David Beaty pondered the question, scratching his elbow for a second to think on the response.
His Kansas football team had just lost 56-34 to West Virginia on a sunny afternoon at Memorial Stadium, trailing by eight to start the fourth quarter before turnovers turned a competitive game into a late blowout.
In the process, the Jayhawks set new offensive records … while also continuing to allow points at an alarming rate.
So, what exactly was the takeaway here?
“I am seeing improvement, which is good,” Beaty said after his brief pause. “Very discouraged by that fourth quarter, because that’s not how I felt like that game should have ended up.”
Though a late fumble and interception were costly late, there was another primary reason the Jayhawks fell short of an upset while falling to 1-3:
KU struggled to contain receivers while allowing six touchdown drives of 70 yards or more. The Mountaineers had a 340-yard passer, two 100-yard rushers and also averaged 7.7 yards per play.
“We’re getting better in a lot of areas. We’re just not there yet,” Beaty said. “I hate it for our fans. I hate it for our stakeholders, because they deserve better than that. There’s a lot of improvement in areas, just not enough yet.”
It all overshadowed a historic performance.
Khalil Herbert’s 291 rushing yards were the most by an FBS player this year. It also was the third-most in the program’s history and the best mark by a Jayhawk in 26 seasons.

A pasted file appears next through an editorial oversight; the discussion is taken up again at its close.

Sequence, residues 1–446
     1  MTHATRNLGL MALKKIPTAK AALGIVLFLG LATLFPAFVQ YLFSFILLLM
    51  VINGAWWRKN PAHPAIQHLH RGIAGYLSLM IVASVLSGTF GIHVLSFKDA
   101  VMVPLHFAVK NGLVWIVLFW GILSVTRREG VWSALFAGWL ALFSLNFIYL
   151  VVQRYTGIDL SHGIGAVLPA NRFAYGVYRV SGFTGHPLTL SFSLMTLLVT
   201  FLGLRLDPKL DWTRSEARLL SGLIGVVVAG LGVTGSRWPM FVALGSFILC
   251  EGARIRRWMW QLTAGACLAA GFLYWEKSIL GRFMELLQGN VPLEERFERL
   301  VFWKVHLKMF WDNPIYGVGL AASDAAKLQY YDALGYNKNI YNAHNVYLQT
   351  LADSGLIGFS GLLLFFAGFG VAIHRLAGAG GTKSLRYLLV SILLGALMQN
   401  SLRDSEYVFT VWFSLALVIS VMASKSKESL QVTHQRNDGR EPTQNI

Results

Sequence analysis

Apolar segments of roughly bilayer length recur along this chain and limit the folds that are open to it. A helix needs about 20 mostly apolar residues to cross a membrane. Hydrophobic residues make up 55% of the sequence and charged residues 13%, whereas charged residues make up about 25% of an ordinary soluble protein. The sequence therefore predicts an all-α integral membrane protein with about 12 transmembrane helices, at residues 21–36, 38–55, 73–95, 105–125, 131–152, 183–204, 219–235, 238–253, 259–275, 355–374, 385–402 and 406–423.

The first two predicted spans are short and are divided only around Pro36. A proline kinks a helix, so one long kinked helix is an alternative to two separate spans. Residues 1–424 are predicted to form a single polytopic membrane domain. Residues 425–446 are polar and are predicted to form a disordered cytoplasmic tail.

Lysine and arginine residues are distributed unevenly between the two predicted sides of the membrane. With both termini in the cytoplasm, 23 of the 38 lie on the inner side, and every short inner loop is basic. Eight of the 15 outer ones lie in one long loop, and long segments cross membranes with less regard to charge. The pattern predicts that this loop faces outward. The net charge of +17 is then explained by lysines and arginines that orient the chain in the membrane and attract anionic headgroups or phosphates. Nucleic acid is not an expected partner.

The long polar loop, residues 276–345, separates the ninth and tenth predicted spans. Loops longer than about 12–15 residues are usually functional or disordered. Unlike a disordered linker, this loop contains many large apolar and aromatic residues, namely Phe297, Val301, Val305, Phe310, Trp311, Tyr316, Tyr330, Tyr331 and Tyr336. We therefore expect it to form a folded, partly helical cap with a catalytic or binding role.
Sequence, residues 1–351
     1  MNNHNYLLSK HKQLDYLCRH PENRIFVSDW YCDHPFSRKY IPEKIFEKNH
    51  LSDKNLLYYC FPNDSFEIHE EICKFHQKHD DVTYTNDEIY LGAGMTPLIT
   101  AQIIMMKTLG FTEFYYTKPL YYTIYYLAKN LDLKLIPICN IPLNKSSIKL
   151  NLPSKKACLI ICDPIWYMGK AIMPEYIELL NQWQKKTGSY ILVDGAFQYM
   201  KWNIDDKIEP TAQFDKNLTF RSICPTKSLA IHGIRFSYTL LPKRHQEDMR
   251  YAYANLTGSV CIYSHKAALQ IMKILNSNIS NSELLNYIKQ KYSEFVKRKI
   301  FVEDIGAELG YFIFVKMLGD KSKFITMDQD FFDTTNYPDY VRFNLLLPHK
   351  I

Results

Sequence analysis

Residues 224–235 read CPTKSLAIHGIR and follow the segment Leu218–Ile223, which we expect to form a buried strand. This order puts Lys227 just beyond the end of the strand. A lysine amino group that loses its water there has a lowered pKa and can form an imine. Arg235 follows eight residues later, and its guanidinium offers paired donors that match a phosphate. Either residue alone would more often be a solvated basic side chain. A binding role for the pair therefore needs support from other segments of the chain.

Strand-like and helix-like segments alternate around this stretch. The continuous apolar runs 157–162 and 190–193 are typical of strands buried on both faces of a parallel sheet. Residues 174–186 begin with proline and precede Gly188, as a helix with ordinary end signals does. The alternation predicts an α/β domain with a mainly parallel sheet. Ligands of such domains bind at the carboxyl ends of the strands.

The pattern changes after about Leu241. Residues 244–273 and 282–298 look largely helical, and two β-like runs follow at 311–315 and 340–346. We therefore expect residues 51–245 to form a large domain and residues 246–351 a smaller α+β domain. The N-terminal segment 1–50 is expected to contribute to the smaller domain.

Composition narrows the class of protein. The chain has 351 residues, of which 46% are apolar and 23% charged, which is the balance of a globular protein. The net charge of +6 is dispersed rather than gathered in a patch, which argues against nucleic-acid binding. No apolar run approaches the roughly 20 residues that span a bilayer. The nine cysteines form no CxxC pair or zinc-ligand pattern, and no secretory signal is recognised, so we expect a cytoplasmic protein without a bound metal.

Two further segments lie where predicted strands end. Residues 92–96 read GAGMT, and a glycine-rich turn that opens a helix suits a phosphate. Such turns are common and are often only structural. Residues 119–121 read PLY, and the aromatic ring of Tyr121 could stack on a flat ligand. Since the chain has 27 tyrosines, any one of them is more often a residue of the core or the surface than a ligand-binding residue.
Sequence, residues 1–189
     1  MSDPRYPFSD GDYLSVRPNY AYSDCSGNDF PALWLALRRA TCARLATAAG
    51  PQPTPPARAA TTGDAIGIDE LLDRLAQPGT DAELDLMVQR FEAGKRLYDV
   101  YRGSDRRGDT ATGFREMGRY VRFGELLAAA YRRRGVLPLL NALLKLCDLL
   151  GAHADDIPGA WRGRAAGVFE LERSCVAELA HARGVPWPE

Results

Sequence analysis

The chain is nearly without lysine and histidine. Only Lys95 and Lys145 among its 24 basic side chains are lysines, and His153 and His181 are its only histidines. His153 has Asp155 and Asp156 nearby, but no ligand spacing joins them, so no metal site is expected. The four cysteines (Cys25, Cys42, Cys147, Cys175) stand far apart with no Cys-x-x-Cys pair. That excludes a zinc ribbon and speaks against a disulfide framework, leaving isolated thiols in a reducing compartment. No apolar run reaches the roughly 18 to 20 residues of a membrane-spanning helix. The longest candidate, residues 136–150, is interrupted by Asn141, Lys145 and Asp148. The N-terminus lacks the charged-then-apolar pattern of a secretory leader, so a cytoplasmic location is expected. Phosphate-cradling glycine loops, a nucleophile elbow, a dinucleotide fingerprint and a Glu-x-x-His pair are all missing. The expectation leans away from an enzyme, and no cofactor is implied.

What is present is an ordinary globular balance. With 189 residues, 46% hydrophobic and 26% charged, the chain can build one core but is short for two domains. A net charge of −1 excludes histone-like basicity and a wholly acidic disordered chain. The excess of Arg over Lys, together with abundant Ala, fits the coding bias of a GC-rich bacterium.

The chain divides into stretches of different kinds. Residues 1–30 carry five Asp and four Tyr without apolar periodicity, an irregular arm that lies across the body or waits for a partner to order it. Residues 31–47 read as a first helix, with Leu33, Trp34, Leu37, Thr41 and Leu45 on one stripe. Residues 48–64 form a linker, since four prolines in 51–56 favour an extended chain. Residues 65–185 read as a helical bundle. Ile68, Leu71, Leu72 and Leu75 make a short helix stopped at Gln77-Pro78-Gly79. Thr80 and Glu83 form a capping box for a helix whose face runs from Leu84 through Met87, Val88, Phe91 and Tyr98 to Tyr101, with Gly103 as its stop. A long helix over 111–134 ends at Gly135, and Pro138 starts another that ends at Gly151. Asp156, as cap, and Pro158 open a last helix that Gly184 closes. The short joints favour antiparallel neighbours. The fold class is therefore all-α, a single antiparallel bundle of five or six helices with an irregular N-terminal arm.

“Just running how I know I can run,” Herbert said. “Being patient and really studying the film, learning how defenses are. The game’s really slowed down for me.”
Still, that much success should result in a closer game, right? Since 2000, FBS teams were 59-6 when a rusher went for at least 290 yards.
In the end, KU couldn’t dig itself out of a 35-13 hole following a mistake-filled first half.
The Jayhawks’ defense — forcing numerous third-and-longs but failing to capitalize — allowed four consecutive touchdown possessions of 80-plus yards.
The offense, meanwhile, found some success in the run game with Herbert, but it had gaffes at crucial times. The Jayhawks had two false-start penalties that halted drives, while a Peyton Bender overthrow turned into a deflection and pick-six in the final minute before the break.
“I think we’re getting better as each week goes on. It’s just, we play great for a quarter, then we look terrible for a quarter,” Bender said. “We’ve just got to keep building on what we have.”
There were still reasons to be optimistic about KU’s performance. Saturday’s 34 points were the most against a non-FCS opponent in the Beaty era, and KU’s 6.7-yard-per-play average was its best Big 12 mark since 2009.
“Kansas is pretty good on offense,” West Virginia coach Dana Holgorsen said. “They are going to do this to a lot of different people.”
That was the positive for KU on a day that still had too many negatives.
“As much as I know it may be difficult for just the average fan to see, I see the improvement. I see some improvement going on out there in all three phases,” Beaty said. “We’ve got to make a lot of progress quicker, because this is a tough conference.”